The strange physics of time

Time can get very strange, very fast
25 February 2020

Interview with 

David Tong, University of Cambridge


An egg timer showing time running out


We’ve looked at how time ticks along, and how it can change over a day, or across the world. But time can get very strange, very fast, as Adam Murphy found out when he went to speak to University of Cambridge physicist David Tong…

Adam - Measuring longitude lets you travel far. Well, what happens when you travel fast, really fast, speed-of-light fast. Then physics gets a little bit strange and something called time dilation kicks in, put together by Albert Einstein. This theory says that the faster you move, the slower time will run for you compared to someone else. But that opens up a lot of questions like what does the person who is going fast feel? Well, thankfully theoretical physicist, David Tong from the University of Cambridge is on hand to help.

David - I feel exactly the same thing as I did before. I feel exactly the same thing as you do, but you think that I am ageing more slowly than you are. The important speed, and it's a speed limit in the universe, is the speed of light. Light travels at 300 million meters per second. That's fairly fast. And the surprising thing is that it travels at that speed. No matter how fast you're travelling. So you stand still, somebody shines light at you, you think it's travelling towards you at 300 million meters per second, roughly. Now you run towards it as fast as you can. Let's say you run towards it almost at the speed of light. You still see it coming towards you at 300 million meters per second. So, uh, we had things happen with time and in fact with space, when you're travelling at these speeds close to the speed of light.

Adam - And that's all very, very strange indeed. But how commonplace could something like this possibly be?

David - Yeah, it sounds weird, but now we just do experiments on a daily basis where these effects occur. One of the first times we saw this is in something called cosmic rays. So cosmic rays are particles which travel across the universe before they finally hit the earth. When they hit the upper part of the Earth's atmosphere, they typically split into many other particles. It's kind of like having an LHC particle collider, but put at the top of the atmosphere. And one of the things they create as a particle called a muon.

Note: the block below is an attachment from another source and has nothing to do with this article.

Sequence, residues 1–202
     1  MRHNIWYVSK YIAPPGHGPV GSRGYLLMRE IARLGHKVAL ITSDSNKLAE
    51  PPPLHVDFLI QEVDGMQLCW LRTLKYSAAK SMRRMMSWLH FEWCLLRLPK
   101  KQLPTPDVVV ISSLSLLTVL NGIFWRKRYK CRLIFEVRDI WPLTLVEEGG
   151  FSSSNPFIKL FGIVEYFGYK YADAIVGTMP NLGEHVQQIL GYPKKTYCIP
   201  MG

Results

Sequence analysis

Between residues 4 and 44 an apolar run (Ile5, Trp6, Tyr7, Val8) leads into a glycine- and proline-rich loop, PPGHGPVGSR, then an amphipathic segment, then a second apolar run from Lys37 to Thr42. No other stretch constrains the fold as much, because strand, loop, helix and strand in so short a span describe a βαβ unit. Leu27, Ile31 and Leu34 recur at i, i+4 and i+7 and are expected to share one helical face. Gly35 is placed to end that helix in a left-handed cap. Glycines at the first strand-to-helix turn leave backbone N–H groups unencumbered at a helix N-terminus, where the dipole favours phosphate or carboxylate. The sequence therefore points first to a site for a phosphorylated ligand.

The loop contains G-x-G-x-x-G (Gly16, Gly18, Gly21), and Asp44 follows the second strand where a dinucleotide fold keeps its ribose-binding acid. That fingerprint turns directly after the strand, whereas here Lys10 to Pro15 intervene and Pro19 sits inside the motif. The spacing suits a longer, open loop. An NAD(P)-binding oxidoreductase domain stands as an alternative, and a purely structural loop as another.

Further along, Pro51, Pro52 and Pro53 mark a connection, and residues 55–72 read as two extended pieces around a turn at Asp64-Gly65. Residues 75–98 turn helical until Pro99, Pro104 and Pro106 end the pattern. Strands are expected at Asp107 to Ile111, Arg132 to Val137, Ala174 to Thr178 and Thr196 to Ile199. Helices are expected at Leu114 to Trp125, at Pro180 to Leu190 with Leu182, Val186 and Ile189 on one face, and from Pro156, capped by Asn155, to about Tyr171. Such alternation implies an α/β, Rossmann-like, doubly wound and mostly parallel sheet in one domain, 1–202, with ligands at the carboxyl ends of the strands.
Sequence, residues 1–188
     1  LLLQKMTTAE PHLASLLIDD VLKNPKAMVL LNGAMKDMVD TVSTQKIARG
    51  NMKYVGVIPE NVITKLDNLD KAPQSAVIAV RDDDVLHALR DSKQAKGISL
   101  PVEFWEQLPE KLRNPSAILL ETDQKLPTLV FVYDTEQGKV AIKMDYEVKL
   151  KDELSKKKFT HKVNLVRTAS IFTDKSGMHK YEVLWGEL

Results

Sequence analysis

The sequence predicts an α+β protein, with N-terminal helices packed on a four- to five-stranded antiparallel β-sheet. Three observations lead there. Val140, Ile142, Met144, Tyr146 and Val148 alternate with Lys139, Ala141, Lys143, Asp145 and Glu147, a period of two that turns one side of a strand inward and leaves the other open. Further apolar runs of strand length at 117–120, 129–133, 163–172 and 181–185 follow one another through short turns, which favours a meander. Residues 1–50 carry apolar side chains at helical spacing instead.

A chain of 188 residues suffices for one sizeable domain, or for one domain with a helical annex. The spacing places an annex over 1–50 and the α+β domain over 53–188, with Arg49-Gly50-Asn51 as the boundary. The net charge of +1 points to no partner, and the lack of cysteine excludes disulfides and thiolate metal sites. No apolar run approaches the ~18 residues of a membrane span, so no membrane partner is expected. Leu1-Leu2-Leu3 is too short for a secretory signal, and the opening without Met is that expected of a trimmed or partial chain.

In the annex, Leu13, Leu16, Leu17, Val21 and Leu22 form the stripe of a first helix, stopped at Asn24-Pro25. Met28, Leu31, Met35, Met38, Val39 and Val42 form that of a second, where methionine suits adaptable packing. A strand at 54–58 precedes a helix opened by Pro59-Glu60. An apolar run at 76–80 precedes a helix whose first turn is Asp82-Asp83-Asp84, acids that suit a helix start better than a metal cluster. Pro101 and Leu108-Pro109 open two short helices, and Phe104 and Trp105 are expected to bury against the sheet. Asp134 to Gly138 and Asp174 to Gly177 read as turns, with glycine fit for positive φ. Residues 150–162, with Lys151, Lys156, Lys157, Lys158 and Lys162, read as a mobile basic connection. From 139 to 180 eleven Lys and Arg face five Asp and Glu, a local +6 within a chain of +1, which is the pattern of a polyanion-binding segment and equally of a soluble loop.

A muon doesn't live for very long. It lives for 1 millionth of a second, roughly speaking. Um, and 1 millionth of a second isn't long enough for the muon to make it down from the top of the atmosphere to the earth where we can detect it. And yet we see many of these muons coming from the top of the atmosphere. And the reason is that although the millionth of a second wasn't long enough, the muon thinks it doesn't take that long. The muon's travelling so fast that it thinks time has slowed down, and from its perspective it's lasted its usual millionth of a second before it disappears, but that was then long enough for it to come down. Now these days we do these experiments routinely. We do them in particle colliders, managing to speed up particles to very close to the speed of light and when they get to those speeds, their lifetime is extended often by up to about 3000 or 4,000 times.

Adam - And it's not just speed that can mess with time. Big, heavy things can as well.

David - Einstein had two theories of relativity. There was the special theory of relativity from 1905: this is the theory that tells us what physics looks like as we approached the speeds of light, that's where the time dilation due to traveling at high speeds comes from. And 10 years later he had what's called the general theory of relativity, which is our best theory of gravity. He replaced Newton's theory of gravity that had been around for a couple of hundred years. General relativity says that what we think of as gravity is actually due to the bending and warping of space and time, and so if you have ever heavy objects in the universe like stars or planets, then a space warps around them but also time warps around them. The net effect is that again, there's a time dilation.

When you're close to a heavy object, time goes slower for you, so you age less quickly if you're close to a heavy object, then if you're far away. Yeah, GPS systems only work because of general relativity; or maybe that's a slight exaggeration. If we didn't include general relativity, GPS would be off by a few meters. There was an experiment done in the 1970s by Hafele and Keating. It was a very simple experiment. They got some atomic clocks. I guess it wasn't simple to build atomic clocks, but they got some very precise atomic clocks, and then they just bought a ticket for them on a plane and they flew around the world commercial. I think business class! There's lovely photos of them actually have them sitting in one seat and his big atomic clock strapped into the seat next to them. The plane did one route around the world. It landed and they tested the atomic clock that had been on the plane versus atomic clock that was just left behind, and it's exactly as was predicted by the theory of relativity.


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